From The Editor
“GDS built the UK’s online platform for petitions to parliament, in eight weeks with four staff at a cost of 100,000 pounds, while in contrast it took six months to get the office set up.”
Our June 2016 article Public Service Lessons Learned described two distinct approaches to Australian Public Service culture change, both successful. July 2016 was Public Sector Innovation Month, with the theme Disrupt · Develop · Display , and has brought some further, sometimes conflicting, insights on culture change, with lessons for both Public and Private Sector. Further input from Academia shows that “Innovation actually demands a cross-range of technical and non-technical skills, even more so in an age where the value of tech skills are diminished by the sheer number of people who posses them.”See below, The Innovation Culture Debate.
“The team tested existing bug-finding software and found that just 2 percent of bugs created by LAVA were detected.”
The above quote is from a July 7, 2016 Science Daily article contributed by the NYU Tandon School of Engineering, where “researchers have created LAVA (Large-Scale Automated Vulnerability Addition), a cost-effective technique of intentionally adding vulnerabilities to a program’s source code to test the limits of bug-finding tools and ultimately help developers improve them.” See below, Building a better computer bug finder.
Another area of concern is the growing use of open source software and the vulnerabilities in the open source supply chain, A July 12, 2016 Security Ledger blog post warns that
“a survey of 25,000 applications revealing that close to 7% percent of components in use had a known security defect that could lead to successful attacks.” See below, Developers Gorge on Open Source Amid Worries About Quality, Security.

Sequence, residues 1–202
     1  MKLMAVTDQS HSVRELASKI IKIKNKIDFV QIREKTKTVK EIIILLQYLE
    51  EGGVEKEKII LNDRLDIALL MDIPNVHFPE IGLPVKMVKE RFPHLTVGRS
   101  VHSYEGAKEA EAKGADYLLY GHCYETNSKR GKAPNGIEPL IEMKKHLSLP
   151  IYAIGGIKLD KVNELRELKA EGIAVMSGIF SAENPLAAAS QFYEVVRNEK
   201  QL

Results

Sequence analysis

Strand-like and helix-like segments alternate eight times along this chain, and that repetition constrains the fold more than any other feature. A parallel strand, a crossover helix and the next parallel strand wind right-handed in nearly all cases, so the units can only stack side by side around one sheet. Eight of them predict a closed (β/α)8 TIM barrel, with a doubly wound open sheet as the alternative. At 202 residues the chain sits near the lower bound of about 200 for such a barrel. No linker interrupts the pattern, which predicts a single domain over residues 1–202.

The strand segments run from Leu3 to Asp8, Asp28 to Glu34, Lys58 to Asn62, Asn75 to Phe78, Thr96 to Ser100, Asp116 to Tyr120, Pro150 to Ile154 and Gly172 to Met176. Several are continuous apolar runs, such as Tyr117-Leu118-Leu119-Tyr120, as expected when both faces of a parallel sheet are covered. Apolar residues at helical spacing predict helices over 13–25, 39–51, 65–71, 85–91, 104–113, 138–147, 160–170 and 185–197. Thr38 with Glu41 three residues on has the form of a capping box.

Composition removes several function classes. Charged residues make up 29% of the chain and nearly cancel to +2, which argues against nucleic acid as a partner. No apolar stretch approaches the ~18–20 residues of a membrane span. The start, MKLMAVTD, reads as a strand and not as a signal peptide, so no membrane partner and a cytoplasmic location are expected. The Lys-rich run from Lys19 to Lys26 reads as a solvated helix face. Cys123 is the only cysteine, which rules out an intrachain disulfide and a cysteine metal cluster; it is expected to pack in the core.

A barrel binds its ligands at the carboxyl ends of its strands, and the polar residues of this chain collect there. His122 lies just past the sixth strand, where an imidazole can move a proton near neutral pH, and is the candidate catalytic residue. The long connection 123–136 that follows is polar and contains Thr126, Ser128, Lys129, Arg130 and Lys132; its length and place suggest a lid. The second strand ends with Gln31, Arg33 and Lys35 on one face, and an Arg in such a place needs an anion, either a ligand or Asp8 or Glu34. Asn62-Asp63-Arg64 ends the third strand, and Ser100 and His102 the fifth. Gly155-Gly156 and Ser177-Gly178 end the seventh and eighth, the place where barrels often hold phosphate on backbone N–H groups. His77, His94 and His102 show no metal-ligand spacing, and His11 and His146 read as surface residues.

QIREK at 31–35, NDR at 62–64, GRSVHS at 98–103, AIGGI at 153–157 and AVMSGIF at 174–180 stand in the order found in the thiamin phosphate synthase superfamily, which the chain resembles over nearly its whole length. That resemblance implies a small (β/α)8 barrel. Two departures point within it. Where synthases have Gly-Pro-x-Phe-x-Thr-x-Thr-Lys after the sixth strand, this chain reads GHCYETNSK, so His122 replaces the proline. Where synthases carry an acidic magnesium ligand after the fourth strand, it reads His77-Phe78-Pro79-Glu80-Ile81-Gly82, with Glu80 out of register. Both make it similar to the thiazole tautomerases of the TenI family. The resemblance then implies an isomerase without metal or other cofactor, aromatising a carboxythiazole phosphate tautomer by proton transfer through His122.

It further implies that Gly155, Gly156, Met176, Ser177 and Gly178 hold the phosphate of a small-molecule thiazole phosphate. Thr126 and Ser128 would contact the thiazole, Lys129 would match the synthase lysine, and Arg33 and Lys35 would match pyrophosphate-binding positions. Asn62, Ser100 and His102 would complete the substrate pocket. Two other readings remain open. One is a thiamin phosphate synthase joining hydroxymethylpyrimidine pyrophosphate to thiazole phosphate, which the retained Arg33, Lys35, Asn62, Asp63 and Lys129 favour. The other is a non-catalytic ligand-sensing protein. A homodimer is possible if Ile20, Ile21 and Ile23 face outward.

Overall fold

And now it seems that even our wearables can be hacked, A July 11, 2016 Science Daily article from Stevens Institute of Technology reports that “the motions of your hands as you use PIN pads, which is continually and automatically recorded by your device, can be hacked in real time and used to guess your PIN with more than 90 percent accuracy within a few attempts.”See below Did your smart watch and fitness tracker just give away your PIN?
Articles in the current Issue cover:
“Lack of buy-in from the frontline staff is perhaps the costliest way to fail. Yet, these staff are often the best sources of ideas.”
“There has never been a performance benchmark at this scale in this area, and now we have one.”
“ An analysis of 380,000 open source projects revealed that components are updated an average of 14 times a year, with half of all projects releasing new versions between three and 10 times a year.”
“After capturing accelerometer, gyroscope and magnetometer data from the devices and using it to calculate typical distances between and directions of consecutive key entries, Chen’s team developed a backward-inference algorithm to predict four-digit PIN codes.”
One of the ACOSM16 attendees was the ProGalore Australia CEO, Jitendra Verma, representing the ACS Startups & Small Business (NSW) SIG. Jitendra has kindly offered to host a QESP evening networking event, 6 to 7.30 pm at their Clarence St Office , with a follow-up at their Parramatta Office for members working in or near Parramatta See the QESP Blog page for more details
A further QESP evening networking event is now being planned, see QESP Blog above.
Quote of the Day
“The belief that complex systems require armies of designers and programmers is wrong. A system that is not understood in its entirety, or at least to a significant degree of detail by a single individual, should probably not be built.” Niklaus Wirth
Quote from Yesteryear
“There is no reason for any individual to have a computer in their home.” – Ken Olson (President of Digital Equipment Corporation) at the Convention of the World Future Society in Boston in 1977